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Thread: Coffee Blending.

  1. #1
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    Coffee Blending.

    When blending coffee, do you blend before roasting or after roasting ?​

  2. #2
    Mal Dimal's Avatar
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    G'day mate...

    Either. If the beans in the blend are going to use similar individual profiles, then pre-blending works out very well. On the other hand, if various beans in the blend require quite divergent profiles to get the best out of them, then post-blending is the ideal way to go...

    Mal.
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  3. #3
    Senior Member LeroyC's Avatar
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    Quote Originally Posted by phwoolf View Post
    When blending coffee, do you blend before roasting or after roasting ?​
    Mostly after roasting as I use a Behmor and I don't think it really suits preblending like other roasters. In saying that I've done a few preblended roasts where I knew the two origins would respond in a similar way to the profile I used. Both are viable methods IMO but blending after roasting gives you a few more options.
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  4. #4
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    Many thanks guys. As I am new to the blending scene and am using a Behmor, initially, I will do my blending after roasting each bean separately. Once I have gained a lot more experience with various beans and their profiles I will try blending before roasting.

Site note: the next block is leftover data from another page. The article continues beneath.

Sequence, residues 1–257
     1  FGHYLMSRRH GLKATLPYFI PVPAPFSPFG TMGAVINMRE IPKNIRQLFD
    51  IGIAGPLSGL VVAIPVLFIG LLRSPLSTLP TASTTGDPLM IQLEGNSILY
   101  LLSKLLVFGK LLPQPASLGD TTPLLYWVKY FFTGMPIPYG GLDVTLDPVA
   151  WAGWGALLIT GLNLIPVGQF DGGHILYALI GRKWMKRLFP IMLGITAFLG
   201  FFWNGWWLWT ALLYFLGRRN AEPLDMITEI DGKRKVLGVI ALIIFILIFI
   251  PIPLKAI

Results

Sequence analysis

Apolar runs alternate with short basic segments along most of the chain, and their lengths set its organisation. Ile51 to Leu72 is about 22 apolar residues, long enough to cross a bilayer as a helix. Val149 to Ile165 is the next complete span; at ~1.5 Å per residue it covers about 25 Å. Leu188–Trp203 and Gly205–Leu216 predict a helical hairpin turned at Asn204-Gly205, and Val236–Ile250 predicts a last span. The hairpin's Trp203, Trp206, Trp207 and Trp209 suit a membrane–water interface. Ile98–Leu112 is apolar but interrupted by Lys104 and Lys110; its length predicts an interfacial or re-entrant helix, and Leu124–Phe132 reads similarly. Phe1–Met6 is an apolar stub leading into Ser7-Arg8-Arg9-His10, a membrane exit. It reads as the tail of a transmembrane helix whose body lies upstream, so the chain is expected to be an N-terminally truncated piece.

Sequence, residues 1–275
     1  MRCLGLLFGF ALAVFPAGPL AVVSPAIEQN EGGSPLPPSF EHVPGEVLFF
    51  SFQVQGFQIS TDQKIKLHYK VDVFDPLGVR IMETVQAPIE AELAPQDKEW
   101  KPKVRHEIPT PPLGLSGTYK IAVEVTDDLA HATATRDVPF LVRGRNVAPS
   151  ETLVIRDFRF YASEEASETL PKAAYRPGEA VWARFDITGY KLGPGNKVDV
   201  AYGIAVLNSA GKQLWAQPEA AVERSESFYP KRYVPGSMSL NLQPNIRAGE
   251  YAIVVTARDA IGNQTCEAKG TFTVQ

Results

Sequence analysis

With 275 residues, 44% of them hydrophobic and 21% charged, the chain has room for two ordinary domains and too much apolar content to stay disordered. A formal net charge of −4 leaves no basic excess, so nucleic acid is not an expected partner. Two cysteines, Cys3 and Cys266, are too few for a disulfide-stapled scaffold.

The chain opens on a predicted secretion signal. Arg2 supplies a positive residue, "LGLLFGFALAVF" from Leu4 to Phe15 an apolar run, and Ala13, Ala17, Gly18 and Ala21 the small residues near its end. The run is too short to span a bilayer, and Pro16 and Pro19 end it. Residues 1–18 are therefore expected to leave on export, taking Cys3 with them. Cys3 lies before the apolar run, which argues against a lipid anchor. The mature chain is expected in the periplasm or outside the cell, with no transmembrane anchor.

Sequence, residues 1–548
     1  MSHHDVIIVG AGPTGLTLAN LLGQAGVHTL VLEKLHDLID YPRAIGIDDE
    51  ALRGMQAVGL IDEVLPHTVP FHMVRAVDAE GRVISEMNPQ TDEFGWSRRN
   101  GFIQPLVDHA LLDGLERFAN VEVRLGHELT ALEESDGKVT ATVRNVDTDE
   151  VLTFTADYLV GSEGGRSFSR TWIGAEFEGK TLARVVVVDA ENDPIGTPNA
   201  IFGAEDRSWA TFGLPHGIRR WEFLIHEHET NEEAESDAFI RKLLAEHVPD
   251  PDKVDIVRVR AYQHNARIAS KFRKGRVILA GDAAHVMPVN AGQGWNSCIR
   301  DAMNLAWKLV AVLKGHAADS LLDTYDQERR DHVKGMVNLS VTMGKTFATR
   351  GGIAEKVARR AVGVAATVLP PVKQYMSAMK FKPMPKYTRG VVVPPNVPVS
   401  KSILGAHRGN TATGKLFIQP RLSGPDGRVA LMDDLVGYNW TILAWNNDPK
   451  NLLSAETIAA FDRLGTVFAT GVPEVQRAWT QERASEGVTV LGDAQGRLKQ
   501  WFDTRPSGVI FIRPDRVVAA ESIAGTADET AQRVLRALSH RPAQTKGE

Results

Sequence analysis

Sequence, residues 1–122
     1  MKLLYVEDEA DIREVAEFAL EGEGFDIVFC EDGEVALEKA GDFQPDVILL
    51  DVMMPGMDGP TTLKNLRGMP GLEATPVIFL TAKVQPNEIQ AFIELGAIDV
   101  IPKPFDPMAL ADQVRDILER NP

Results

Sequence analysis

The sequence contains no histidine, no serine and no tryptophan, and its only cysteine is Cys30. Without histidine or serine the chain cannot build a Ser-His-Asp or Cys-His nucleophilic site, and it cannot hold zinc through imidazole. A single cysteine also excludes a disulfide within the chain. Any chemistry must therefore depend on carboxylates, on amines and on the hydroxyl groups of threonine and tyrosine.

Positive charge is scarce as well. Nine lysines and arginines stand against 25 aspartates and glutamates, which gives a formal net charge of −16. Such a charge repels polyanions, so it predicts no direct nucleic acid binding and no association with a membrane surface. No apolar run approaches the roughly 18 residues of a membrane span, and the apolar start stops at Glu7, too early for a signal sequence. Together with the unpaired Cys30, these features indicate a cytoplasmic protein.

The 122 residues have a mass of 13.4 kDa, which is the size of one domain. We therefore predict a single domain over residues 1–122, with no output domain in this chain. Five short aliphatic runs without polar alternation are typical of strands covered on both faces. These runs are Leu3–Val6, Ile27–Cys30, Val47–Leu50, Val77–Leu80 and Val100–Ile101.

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  5. #5
    Member Kafine's Avatar
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    I use a Behmor and blend prior to roasting. I have had some great successes and very few failures. I don't experiment as much as some but I still think it is great.
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  6. #6
    Senior Member trentski's Avatar
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    I use the kjm blend or variants of it in a kkto. Most always pre blend unless I'm over capacity in the amount I want to roast

  7. #7
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    Quote Originally Posted by Dimal View Post
    Either. If the beans in the blend are going to use similar individual profiles, then pre-blending works out very well. On the other hand, if various beans in the blend require quite divergent profiles to get the best out of them, then post-blending is the ideal way to go....
    +1. Just what I was going to write. Spot on Mal.
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  8. #8
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    Coffee Blending is necessary for espresso since a single coffee origin will lack the complexity desired. It is important to remember that the advantage of espresso over other brewing methods is a result of the formation of the crema. Without the cream the espresso would be strong, thick coffee. The crema is an emulsified layer of tiny, smooth bubbles that trap aromatic compounds. This layer coats the tongue and these small bubbles break over time allowing espresso to be enjoyed long after it has been consumed. An aromatic coffee, therefore, is essential to a well-prepared espresso blend.

  9. #9
    Senior Member LeroyC's Avatar
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    Quote Originally Posted by laura541 View Post